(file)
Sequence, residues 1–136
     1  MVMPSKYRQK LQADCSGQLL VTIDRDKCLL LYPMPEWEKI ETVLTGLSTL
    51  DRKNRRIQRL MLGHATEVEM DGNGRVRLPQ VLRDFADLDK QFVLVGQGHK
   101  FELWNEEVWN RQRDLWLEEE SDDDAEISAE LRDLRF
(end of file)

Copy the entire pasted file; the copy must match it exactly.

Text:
Sequence, residues 1–136
     1  MVMPSKYRQK LQADCSGQLL VTIDRDKCLL LYPMPEWEKI ETVLTGLSTL
    51  DRKNRRIQRL MLGHATEVEM DGNGRVRLPQ VLRDFADLDK QFVLVGQGHK
   101  FELWNEEVWN RQRDLWLEEE SDDDAEISAE LRDLRF